Dr. GOH Guo Liang
Nanyang Technological University
Guo Liang’s interest is in additive manufacturing, or 3D printing, for printed electronics, focusing on studying the printing process, the formation of thin-film, assembly of nanomaterials and characterization of electronics devices etc. He is actively involved in inter-disciplinary research and innovations.
He completed his Ph.D. research in Mechanical Engineering, in 2020 from Nanyang Technological University, Singapore. His research focuses on Aligning Carbon nanotubes via Aerosol Jet Printing for Flexible Electronics. His research involves the fabrication of devices such as strain sensor, pH sensor, antenna, and circuits etc.
In 2015, he graduated with a Bachelor's degree in Aerospace Engineering (Honours), also from Nanyang Technological University, Singapore, specializing in Aircraft Reliability & Maintainability and Autonomous Unmanned Aerial Vehicle (UAV).
Directed and On-Demand Alignment of Carbon Nanotube for 3D Printing of Electronics
Carbon nanotubes (CNTs) are one-dimensional nanostructured materials with unique mechanical, optical, and electrical properties which can be potentially exploited for fabricating wide variety of devices. In addition, the biocompatibility of CNTs makes it attractive for wearable and implantable technology applications. Well-aligned CNTs structures show enhanced properties such as superior electron mobility, strain sensitivity, better mechanical property and enhanced performance and reproducibility that are absent in their disordered counterparts, thus allowing more promising applications in various fields. With aligned CNTs, devices can be optimized to exhibit better performance with lesser materials and more miniature designs.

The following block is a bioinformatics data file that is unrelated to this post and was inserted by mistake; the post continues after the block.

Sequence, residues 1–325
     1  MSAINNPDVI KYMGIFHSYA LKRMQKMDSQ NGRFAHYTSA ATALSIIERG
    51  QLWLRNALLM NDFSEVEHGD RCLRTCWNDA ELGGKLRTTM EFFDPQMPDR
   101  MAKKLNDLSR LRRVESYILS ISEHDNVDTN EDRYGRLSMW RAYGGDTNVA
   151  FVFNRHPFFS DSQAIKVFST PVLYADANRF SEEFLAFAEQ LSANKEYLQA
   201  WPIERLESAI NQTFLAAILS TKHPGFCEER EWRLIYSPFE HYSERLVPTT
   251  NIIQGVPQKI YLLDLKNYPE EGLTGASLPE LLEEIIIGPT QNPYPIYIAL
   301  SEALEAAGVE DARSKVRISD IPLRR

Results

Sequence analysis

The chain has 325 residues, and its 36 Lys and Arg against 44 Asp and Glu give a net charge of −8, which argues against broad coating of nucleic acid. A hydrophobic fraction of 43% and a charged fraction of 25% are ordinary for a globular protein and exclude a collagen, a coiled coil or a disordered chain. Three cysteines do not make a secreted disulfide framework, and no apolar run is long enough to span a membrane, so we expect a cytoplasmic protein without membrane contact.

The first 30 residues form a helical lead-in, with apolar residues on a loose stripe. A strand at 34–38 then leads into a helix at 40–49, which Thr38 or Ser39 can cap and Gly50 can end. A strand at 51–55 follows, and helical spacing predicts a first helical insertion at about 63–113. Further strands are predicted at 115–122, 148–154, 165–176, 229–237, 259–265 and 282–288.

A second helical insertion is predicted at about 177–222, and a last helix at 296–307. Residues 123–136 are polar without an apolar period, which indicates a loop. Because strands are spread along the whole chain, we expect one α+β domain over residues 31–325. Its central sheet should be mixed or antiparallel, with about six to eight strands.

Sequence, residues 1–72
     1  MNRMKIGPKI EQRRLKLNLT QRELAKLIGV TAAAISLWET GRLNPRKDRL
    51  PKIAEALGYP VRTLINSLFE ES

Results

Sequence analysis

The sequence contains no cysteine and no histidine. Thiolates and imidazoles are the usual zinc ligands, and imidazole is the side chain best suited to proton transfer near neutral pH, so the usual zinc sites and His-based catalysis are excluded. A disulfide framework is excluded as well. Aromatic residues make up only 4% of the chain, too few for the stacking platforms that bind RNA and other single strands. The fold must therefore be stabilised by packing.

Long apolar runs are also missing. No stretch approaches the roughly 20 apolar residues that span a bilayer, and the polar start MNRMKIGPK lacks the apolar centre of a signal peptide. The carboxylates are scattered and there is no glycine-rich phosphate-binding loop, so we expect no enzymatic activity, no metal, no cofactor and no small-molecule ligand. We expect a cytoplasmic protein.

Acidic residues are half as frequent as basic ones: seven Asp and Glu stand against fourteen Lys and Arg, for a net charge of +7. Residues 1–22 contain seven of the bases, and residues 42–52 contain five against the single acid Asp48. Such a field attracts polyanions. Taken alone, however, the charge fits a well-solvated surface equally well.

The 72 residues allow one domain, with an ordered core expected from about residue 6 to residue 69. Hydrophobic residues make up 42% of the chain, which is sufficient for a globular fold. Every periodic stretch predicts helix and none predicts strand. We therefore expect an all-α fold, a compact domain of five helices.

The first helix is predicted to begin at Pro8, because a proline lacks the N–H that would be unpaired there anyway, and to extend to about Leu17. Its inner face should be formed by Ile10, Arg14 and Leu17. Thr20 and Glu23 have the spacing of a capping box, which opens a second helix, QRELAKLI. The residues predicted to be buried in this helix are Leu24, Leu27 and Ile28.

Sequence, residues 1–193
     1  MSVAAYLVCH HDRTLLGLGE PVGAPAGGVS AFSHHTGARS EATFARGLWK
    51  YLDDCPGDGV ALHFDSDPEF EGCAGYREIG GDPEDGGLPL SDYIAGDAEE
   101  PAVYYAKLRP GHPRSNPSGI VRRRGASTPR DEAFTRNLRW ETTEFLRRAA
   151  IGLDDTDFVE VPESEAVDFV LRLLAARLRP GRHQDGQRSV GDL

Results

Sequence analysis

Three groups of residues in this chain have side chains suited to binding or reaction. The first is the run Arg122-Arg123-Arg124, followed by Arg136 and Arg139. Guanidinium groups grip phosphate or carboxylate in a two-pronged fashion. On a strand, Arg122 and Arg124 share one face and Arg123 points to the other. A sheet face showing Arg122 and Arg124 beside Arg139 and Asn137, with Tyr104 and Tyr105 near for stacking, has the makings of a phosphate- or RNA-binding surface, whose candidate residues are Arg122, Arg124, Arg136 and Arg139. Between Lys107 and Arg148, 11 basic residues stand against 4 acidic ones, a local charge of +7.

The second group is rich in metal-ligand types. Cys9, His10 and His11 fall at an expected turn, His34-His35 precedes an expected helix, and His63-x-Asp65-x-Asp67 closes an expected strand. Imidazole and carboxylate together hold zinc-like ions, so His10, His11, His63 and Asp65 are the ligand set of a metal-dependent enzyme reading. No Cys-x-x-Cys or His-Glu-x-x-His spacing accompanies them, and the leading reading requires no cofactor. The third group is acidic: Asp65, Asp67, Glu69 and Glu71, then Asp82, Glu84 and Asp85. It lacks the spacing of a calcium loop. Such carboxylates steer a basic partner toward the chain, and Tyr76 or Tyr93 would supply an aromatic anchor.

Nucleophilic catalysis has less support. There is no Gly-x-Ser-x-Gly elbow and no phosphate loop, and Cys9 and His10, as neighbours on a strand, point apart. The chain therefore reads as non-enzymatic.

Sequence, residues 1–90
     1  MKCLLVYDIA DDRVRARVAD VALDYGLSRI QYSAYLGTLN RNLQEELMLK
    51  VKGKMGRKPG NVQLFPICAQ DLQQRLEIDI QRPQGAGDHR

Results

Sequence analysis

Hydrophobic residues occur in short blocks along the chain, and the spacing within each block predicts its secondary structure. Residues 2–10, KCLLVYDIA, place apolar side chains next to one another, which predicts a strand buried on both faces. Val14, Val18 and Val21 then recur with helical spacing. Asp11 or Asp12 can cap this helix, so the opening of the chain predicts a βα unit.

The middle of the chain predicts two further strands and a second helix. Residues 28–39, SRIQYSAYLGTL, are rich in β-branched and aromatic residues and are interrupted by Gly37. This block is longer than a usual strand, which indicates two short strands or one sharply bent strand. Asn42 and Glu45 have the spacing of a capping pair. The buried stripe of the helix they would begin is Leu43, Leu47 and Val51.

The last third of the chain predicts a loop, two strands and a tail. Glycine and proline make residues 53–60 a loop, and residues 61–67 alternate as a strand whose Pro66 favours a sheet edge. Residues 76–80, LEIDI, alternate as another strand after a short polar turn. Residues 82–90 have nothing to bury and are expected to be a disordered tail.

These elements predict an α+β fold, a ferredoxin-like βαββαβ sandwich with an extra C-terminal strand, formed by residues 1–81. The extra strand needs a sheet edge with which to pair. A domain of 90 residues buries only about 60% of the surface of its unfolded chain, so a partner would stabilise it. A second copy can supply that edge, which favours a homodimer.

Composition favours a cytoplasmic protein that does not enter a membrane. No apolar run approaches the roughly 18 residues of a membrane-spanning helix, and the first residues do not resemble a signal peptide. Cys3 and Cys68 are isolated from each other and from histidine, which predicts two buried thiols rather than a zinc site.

Sessile droplets containing carbon nanotubes: a study of evaporation dynamics and CNT alignment for printed electronics
Carbon nanotubes (CNTs) are 1-dimensional (1D) and flexible nanomaterials with high electric conductivity and a high aspect ratio. These features make CNTs highly suitable materials for the fabrication of flexible electronics. CNTs can also be made into dispersions which can be used as the feedstock material for droplet-based 3D printing technologies, e.g., inkjet printing and aerosol jet printing to fabricate printed electronics. These printing techniques involve several physical processes including deposition of ink droplets on flexible polymeric substrates such as polyimides, evaporation of the solvent and formation of thin films of CNTs, all of which have not been thoroughly investigated. Besides, alignment of the CNTs in the resultant thin films dictates their electrical performance. In this work, we examine the effect of substrate temperature and CNT concentration on the evaporation dynamics and also the alignment in the deposition patterns. Evaporation-driven self-assembly of CNTs and their preferential alignment are observed. Image analysis and Raman spectroscopy are utilised to evaluate the degree of alignment of the CNT network. It is found that the contact line dynamics depends greatly on the CNT concentration. Besides, the substrate temperature plays a significant role in determining the order of the CNTs in the drying deposition pattern. Our findings show the possibility of controlling the film morphology and the degree of alignment of CNTs for printed electronics in the printing process.